nowheat wrote:I would think that if someone has a sincere interest in what the Buddha taught, they would be willing to keep an open mind about the accuracy of the interpretation we have been handed, ...
Very true. As I said in another thread, it's claims that someone has either proved or rejected particular interpretations that I think is completely bogus.
You haven't seen all the evidence yet, Mike. I have long had great respect for your understanding of the dhamma, and the evenness of your responses to people. I hope the above statement isn't an indication that you've closed your mind.
This evangelistic certainty is the problem I see with many modern interpreters, who inflate their otherwise interesting opinions into a crusade to show that some particular way of looking at the Canon clears away the "unnecessary" parts and gives us the "true way". That the Commentators and other have got it completely wrong for 2500 years, but now we have rediscovered the truth.
I would be interested in any citation you can give for anyone saying that the Commentators and others have got it "completely wrong".
I have repeatedly said that my revised understanding of the dhamma and the traditional understanding has a huge overlap. I throw out a wild estimate of 75% and it's only that low because I see how passionate believers that the Buddha taught rebirth are about that point; how big a deal it is to them. My own view is more like 95% overlap in understanding; it's only rebirth and the emphasis it gives to practice that is different. All the rest that would be significant to a newcomer to Buddhism is in line. (Nerds like us in this forum can always find minor points to debate; I'm not giving any weight to those differences at all in the percentage as being too hard to estimate.)
Many modern scholars, teachers, and practitioners are quite capable of discussing problems of interpretation and practice without rejecting other views as nonsense. In fact, almost anyone I meet off-line does that.
I apologize if I have ever appeared to dismiss others' views as "nonsense" -- I don't see nonsense, I see carefully constructed, but mistaken, sense. I can easily conceive how we got to a mistaken understanding of the Buddha's teaching on rebirth; I don't find anyone's acceptance of the traditional views to be any reflection on the individuals I've met who accept those views at all.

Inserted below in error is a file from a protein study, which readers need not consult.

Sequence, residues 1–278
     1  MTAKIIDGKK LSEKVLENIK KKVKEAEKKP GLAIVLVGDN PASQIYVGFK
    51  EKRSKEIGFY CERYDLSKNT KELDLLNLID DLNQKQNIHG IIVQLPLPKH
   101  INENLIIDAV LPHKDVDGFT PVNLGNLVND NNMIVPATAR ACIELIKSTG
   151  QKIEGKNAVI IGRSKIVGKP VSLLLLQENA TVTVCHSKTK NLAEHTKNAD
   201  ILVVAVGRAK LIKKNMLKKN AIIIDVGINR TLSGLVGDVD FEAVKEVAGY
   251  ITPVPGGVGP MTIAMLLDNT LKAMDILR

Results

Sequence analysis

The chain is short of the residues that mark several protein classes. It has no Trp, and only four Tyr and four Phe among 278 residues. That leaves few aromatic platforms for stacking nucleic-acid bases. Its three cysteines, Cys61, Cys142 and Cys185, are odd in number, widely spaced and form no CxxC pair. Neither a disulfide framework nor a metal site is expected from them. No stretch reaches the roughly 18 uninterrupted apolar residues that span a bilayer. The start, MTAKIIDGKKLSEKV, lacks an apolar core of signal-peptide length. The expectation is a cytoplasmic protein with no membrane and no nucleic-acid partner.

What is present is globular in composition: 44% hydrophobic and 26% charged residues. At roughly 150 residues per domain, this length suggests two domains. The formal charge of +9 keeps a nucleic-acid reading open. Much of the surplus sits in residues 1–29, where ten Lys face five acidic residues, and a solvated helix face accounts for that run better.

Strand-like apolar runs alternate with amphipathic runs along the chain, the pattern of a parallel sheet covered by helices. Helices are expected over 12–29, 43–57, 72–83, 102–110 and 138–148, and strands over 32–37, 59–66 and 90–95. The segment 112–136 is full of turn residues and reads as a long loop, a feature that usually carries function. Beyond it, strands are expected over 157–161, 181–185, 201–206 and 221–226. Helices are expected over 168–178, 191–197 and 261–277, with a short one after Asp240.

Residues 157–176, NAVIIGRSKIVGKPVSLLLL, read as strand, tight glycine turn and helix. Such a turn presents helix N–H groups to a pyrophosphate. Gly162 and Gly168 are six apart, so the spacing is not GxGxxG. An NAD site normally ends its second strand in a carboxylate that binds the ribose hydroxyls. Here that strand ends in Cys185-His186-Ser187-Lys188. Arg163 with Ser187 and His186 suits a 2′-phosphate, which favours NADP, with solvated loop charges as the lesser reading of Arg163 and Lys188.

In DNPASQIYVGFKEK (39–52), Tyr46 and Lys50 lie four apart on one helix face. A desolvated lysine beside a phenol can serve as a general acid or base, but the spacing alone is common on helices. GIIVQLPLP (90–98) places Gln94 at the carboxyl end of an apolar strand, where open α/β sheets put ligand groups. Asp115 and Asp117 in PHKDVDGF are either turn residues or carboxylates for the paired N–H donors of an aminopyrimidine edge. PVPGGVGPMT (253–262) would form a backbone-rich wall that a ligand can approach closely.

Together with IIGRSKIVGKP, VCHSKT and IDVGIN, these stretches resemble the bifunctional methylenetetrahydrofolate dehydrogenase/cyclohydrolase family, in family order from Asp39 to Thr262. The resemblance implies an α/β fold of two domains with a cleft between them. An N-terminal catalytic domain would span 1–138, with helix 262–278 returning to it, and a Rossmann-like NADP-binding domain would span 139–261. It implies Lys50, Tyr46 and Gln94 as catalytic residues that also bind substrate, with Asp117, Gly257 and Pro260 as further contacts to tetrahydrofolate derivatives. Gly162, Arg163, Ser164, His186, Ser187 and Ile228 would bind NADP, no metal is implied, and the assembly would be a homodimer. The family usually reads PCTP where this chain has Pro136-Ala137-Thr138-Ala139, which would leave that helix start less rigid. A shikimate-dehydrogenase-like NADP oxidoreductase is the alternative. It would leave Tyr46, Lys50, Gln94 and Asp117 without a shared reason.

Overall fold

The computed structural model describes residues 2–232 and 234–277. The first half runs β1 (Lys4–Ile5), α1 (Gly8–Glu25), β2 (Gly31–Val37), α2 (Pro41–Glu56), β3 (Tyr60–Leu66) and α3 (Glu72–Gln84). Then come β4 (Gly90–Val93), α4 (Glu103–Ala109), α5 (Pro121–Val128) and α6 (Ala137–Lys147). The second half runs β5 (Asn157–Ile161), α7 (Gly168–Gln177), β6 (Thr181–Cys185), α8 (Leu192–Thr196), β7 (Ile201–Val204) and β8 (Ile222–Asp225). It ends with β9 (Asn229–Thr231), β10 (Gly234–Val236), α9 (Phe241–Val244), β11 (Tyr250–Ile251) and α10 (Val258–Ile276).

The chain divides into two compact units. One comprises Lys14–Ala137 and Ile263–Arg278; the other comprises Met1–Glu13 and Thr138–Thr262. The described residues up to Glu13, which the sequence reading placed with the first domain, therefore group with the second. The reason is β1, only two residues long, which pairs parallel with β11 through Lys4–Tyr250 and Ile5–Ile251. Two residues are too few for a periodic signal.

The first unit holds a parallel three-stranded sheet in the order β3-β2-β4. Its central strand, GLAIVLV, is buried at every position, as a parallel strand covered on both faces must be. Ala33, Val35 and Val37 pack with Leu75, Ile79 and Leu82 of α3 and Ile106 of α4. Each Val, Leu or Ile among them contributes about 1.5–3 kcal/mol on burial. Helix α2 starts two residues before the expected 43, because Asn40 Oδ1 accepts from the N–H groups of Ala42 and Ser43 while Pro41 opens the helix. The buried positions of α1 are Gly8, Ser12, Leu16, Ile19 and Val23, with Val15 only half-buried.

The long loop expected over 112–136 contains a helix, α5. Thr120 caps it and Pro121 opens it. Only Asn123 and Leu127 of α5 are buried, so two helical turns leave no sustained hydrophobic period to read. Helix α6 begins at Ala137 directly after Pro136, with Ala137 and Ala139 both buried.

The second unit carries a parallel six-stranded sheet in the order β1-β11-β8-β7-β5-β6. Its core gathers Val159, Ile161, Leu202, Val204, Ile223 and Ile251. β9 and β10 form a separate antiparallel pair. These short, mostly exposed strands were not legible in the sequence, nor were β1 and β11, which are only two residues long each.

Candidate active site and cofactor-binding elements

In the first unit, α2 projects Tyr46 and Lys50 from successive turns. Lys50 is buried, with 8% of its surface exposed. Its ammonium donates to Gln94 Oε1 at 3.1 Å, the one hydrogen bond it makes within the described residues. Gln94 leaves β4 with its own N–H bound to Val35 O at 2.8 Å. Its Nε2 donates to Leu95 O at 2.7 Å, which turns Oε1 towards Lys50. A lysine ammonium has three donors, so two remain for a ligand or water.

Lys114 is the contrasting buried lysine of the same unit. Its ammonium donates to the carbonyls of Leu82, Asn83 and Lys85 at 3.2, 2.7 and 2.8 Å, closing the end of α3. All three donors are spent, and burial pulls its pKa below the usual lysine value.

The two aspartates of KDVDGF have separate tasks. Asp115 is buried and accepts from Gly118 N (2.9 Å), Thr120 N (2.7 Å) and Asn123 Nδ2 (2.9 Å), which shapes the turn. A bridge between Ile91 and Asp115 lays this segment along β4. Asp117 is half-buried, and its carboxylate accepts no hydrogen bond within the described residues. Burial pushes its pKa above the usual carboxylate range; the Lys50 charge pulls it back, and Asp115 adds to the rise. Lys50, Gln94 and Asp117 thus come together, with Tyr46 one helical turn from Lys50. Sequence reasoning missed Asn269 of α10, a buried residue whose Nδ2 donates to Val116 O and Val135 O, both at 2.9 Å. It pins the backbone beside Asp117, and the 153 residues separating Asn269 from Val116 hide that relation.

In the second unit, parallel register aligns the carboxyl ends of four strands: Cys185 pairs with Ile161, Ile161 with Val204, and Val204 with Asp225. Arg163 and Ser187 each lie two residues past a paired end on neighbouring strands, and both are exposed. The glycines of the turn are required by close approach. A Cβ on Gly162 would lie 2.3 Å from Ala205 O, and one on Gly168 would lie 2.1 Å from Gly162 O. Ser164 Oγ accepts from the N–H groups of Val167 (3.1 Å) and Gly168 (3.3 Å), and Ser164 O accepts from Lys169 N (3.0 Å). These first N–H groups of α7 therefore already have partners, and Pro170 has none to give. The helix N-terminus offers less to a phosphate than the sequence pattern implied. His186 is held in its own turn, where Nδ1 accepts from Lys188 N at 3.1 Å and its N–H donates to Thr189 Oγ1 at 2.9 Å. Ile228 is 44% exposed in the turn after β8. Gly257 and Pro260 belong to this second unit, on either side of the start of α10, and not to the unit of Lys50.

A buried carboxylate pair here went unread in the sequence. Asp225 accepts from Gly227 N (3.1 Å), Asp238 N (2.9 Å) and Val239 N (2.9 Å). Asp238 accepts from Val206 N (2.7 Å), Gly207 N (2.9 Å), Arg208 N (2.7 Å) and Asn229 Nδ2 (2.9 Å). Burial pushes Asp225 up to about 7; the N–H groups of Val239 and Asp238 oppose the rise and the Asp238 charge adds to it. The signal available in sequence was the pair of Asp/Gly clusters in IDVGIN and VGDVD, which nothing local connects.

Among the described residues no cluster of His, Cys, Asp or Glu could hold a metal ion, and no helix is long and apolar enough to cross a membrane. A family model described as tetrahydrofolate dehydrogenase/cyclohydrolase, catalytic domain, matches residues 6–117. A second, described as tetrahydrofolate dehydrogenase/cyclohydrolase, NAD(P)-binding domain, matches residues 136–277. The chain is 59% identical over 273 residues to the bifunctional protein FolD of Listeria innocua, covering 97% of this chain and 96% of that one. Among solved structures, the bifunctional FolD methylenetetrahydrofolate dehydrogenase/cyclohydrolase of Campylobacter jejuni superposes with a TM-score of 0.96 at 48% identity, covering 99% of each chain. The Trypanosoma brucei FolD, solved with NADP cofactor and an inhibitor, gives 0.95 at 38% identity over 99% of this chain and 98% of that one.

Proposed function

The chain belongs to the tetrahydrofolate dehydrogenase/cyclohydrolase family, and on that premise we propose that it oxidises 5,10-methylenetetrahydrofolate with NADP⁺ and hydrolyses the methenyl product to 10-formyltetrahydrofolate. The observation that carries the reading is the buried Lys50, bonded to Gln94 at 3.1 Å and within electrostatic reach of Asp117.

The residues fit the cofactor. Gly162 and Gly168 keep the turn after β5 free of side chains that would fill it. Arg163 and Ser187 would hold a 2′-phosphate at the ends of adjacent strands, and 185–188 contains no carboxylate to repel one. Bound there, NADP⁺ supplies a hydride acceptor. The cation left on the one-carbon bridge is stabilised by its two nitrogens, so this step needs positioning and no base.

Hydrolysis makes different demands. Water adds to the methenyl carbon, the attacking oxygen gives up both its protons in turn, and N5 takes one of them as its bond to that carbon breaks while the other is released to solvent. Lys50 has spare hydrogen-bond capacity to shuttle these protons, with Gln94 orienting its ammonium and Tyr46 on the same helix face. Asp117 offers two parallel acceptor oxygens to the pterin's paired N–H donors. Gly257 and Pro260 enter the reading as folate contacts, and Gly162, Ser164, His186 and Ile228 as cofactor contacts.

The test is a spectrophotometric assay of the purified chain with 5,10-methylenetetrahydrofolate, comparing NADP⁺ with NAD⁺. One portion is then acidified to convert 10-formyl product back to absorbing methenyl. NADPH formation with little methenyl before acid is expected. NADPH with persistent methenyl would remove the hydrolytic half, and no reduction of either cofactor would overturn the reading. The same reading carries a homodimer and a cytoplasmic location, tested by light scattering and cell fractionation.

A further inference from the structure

I have another observation. A huge straw man that some hoist when these issues arise is "appeal to authority". Now, unless you think that the only thing Dhamma is good for is bit less stress in your life. I.e. if you take seriously the Buddha's claim that the end of dukkha is possible, then, unless you are an ariyan, you are appealing to authority. So accusations of "appeal to authority" are, I'm afraid, beside the point. Why read any suttas at all if you reject "appeal to authority"?
Getting into who is an ariyan and who is not, stream-entry, arahantship, any of that is a fool's game in our age. I am not even going to go there.
I practice. I am not a newcomer. I am not fully enlightened. I am somewhere between the two. Nothing else I could say online could make any difference to my qualifications in anyone here's eyes (see my comments on recognizing wisdom through long acquaintance below).
I reject an appeal to second-hand authority. The Buddha is my authority. My understanding is that he wanted us to take refuge in him, in his dhamma, and in his sangha, and that he gave good instructions about how to tell false dhamma from true, and how to tell wise teachers from the less-than-fully-wise. The latter takes long acquaintance to be sure -- and I can't claim that acquaintance with any authority. But when I compare the dhamma I am offered here online to the dhamma in the texts, there is a disconnect. I therefore rely on the dhamma in the texts, as measured against my own progress on the path. When in doubt, I defer to the Buddha. He has not let me down yet. I am not always pleased with his approach, but I am always pleased with the outcome of understanding the teaching he gets across.